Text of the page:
Pour ceux qui peuvent lire en français…

At , Yveline Cyazinski, a French psychoanalyst, philosopher (and poet), is engaged in a wonderful project of questioning Feldenkrais orthodoxy about the word (and analytic orthodoxy about the body). I often bemoan the Feldenkrais community’s opposition to an “analytic” approach because I believe thought and conceptualization have a role in learning and in the method–Yveline, if I understand it, is questioning the community’s opposition to an “analytic” approach in the sense that we deny that psychological, and linguistically-mediated, dynamics such as transference and countertransference play a role in the method–especially in Functional Integration.

In her first post on her blog, she writes:

Avec mes racines analytiques, et mon expérience en cours d’élève dans le champ de recherche empirique de l’éducation somatique de Feldenkrais, je voudrais montrer que l’opposition systématique entre une théorie analytique “dogmatique” excluant le corps, et une philosophie du corps excluant le langage, est une façon de résister à ce concept de “chair” défini par Merleau- Ponti….

Or, in my very poor translation: With my [psycho-]analytic roots, and my experience as a student in this form of empirical investigation that is Feldenkrais’s somatic education, I would like to demonstrate that the systematic opposition between a dogmatic analytic theory that excludes the body, and a philosophy of the body that excludes language, constitutes a way of resisting the concept of “flesh” defined by Merleau-Ponty…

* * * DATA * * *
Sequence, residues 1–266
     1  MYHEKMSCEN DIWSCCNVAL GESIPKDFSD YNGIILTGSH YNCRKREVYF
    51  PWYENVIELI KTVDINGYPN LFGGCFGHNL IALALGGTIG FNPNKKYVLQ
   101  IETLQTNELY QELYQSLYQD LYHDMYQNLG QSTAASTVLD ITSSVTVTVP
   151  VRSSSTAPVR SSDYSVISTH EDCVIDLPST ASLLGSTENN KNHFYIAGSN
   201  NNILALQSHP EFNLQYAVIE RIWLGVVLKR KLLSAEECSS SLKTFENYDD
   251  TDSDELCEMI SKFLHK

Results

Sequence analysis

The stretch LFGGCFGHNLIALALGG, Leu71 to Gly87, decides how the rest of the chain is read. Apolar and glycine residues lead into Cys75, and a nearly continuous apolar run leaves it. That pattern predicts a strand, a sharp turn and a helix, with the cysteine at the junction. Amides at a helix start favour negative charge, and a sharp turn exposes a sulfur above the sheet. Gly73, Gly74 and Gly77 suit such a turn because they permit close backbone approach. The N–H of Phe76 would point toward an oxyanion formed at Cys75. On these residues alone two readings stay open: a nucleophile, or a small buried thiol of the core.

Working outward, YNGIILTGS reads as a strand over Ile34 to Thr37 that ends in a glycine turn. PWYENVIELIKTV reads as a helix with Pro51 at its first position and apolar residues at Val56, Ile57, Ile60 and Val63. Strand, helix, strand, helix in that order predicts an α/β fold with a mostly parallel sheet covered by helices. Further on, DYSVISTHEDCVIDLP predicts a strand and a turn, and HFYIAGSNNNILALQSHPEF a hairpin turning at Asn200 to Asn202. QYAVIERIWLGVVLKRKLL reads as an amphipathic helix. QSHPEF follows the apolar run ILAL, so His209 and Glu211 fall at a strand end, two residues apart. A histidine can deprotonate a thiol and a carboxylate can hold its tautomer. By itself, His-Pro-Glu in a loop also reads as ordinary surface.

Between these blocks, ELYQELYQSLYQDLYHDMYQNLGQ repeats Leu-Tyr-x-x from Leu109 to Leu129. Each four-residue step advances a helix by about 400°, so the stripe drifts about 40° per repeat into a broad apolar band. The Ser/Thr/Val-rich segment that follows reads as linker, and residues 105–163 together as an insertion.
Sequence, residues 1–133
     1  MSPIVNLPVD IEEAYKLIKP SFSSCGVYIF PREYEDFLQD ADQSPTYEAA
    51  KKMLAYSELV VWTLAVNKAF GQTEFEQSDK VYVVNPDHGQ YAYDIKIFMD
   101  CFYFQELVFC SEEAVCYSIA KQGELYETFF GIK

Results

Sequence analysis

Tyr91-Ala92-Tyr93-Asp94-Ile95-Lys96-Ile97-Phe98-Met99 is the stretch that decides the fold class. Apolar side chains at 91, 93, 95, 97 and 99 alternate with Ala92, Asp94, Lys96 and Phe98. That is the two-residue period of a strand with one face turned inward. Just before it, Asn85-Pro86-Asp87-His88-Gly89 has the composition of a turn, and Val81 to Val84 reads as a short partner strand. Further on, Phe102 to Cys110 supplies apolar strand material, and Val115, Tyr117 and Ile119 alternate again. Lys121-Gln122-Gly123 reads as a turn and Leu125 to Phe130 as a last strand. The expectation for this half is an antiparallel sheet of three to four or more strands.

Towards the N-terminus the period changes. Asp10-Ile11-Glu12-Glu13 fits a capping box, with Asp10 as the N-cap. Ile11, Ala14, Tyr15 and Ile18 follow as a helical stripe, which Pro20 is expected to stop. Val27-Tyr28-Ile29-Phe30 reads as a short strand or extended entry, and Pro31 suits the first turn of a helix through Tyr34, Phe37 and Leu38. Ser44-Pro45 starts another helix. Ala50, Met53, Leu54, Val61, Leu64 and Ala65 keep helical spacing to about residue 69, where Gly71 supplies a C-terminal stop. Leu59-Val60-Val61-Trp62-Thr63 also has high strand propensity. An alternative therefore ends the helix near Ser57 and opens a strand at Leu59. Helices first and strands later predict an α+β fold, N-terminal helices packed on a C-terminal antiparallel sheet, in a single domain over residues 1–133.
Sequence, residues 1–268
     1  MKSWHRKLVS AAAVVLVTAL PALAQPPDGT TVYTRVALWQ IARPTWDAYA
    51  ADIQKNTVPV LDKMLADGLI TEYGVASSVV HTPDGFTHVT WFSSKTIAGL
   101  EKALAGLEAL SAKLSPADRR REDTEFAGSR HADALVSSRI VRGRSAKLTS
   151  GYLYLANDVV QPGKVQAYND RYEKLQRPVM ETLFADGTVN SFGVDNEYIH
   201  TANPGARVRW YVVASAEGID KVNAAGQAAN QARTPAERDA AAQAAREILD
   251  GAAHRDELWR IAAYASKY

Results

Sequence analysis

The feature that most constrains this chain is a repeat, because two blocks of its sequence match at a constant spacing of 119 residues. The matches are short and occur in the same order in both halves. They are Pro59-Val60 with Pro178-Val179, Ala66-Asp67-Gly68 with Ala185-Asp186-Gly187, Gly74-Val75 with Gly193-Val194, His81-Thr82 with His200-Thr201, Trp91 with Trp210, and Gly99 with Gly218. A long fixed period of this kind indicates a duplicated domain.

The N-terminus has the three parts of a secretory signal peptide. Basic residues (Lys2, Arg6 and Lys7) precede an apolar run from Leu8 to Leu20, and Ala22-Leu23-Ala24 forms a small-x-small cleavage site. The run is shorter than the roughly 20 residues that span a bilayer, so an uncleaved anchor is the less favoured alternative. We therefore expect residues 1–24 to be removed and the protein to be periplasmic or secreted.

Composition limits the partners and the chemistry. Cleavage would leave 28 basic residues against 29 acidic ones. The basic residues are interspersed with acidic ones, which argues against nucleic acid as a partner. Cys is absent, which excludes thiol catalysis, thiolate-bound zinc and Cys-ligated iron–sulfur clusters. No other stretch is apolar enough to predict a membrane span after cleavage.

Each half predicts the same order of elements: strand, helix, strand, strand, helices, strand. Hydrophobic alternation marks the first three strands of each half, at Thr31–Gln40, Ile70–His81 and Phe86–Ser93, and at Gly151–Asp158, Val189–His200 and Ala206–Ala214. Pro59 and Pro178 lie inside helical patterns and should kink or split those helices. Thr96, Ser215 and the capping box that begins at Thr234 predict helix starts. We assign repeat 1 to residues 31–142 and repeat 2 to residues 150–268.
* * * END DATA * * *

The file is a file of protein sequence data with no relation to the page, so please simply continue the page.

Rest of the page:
My French is terribly rusty, so I may have misunderstood anything and everything, but I am giving it a try!

One Reply to “Pour ceux qui peuvent lire en français…”

  1. First, I would like to thank Lynette, but also, I would like to say to Feldenkrais pratician: my work is only reflexion of a pupil, about live experience, and my thought is movement never closed. I just finish to read: “l’évidence en question”, the last part: l’évidence et l’insaisissable”. and it’ here I try to poursuit the question of Mosche.
    We cannot work alone without listening the other, another point of view.

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